I wanted to cover here the relationship between stress and emotional intelligence (EQ), and how we might be able to move from the former to the latter: being emotionally intelligent rather than getting stressed, letting our emotions take over.
If being emotionally intelligent means ‘identifying and managing your emotions’ - and as a result being able to relate well with/tune in to others - then when we get stressed, our EQ takes a dip. Appreciating the link between how we think, feel and behave the way we do is clearly going to be helpful here (see the graphic below).
EQ is something we can develop if we need to, to understand ourselves and others, if we’re motivated to do so: to present the best version of ourselves, to improve our relationships for example. We can of course let our emotions rule us, rather than the other way round, and our EQ takes a dip, for a number of different reasons, and get stressed.
It’s worth remembering that on occasion we may think that it’s normal, okay, acceptable to be stressed, anxious or down – we lose all EQ, in the sense that our emotions take us over, unhelpfully - because of difficult life circumstances: if that’s the case, we might be saying to ourselves “I can handle it, it’s short-term, a ‘one-off’, and not affecting me adversely, or my relationships, wellbeing, work etc.”.
If stress is getting in the way however, how can we use/develop our EQ to address it?
Let’s look at where our emotions come from, and how the four domains – our Beliefs/Attitudes about and towards ourselves, others and the world; Thoughts; Feelings and Behaviours - feed into and off each other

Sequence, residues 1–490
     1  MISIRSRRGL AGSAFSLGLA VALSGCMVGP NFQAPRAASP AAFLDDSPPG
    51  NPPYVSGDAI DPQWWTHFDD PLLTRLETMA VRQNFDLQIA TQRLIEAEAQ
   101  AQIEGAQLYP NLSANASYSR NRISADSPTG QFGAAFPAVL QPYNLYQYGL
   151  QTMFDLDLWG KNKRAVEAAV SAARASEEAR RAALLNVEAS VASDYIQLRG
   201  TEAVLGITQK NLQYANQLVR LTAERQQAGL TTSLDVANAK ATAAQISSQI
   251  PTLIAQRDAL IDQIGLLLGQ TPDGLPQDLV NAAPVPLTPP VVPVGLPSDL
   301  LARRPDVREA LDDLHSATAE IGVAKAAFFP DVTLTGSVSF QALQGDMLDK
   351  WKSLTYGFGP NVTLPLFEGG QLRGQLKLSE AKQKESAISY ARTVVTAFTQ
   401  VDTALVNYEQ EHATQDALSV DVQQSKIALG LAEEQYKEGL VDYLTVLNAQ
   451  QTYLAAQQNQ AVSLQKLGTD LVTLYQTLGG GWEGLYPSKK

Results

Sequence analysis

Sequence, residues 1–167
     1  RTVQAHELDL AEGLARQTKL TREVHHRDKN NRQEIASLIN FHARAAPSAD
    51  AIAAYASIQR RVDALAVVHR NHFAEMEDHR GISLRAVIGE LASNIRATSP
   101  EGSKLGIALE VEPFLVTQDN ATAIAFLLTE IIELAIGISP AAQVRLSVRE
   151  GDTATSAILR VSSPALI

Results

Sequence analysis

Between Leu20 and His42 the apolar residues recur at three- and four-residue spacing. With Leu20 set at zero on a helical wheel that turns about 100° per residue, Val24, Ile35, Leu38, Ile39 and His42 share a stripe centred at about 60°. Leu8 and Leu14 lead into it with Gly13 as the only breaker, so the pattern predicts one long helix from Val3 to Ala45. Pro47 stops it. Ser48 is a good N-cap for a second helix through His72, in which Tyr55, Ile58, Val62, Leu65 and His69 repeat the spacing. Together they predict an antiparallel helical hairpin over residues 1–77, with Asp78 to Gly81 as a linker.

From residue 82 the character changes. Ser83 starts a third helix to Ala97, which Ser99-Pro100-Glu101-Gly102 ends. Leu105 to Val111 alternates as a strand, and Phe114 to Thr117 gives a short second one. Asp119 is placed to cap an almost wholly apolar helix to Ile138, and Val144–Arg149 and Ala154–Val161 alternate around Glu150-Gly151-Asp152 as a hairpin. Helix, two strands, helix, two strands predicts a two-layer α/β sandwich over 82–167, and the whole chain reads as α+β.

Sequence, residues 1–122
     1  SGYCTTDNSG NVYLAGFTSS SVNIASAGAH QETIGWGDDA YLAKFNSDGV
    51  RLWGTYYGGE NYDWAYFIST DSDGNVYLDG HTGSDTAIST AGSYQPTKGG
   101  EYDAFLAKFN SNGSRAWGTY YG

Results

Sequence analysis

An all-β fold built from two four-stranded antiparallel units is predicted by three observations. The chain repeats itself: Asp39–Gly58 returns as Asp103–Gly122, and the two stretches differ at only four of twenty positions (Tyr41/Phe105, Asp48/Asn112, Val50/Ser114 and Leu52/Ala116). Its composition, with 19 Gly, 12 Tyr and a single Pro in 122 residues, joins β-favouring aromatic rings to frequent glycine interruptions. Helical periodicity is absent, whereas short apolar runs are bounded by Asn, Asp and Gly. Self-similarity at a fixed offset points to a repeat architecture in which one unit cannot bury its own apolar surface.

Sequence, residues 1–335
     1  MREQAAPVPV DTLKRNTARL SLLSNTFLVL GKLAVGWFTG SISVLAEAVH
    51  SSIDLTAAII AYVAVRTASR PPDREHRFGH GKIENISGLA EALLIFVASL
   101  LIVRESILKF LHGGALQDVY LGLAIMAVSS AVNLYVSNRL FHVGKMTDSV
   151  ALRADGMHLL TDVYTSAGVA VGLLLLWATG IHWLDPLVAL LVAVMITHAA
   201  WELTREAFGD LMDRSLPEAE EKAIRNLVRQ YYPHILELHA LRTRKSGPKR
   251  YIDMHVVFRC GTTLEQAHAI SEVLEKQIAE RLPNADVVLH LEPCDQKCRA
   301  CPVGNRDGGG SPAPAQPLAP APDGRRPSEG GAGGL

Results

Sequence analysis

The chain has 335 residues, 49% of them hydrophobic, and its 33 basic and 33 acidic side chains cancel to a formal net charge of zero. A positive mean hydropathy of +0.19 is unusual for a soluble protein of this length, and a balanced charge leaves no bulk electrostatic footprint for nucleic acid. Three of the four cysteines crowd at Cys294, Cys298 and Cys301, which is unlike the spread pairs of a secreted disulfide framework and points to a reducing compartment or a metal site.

We’re demonstrating EQ, and as a result are less likely to become stressed, if when we’re facing a challenge or potentially stressful situation, we can ask ourselves one or more of the following questions, and/or try one of the following suggestions/techniques:
Just some ideas to get you thinking, to try out. These won’t be the whole answer – and we may need to look at our Beliefs/Attitudes, some of which may be unhelpful – but they can help.
What we’re looking for is for EQ to be our default position, which we may well deviate from on occasion. Emotions in themselves aren’t the problem, getting emotional isn’t the problem. Getting stressed through a lack of EQ can stop us making rational decisions though, can prevent us from learning (including about identifying the cause of our difficulties), and make it difficult for us to present the best of version of ourselves.
Do get in touch if you'd like a word about the above. You can contact Marc Kirby on 0118 3283246 or via email.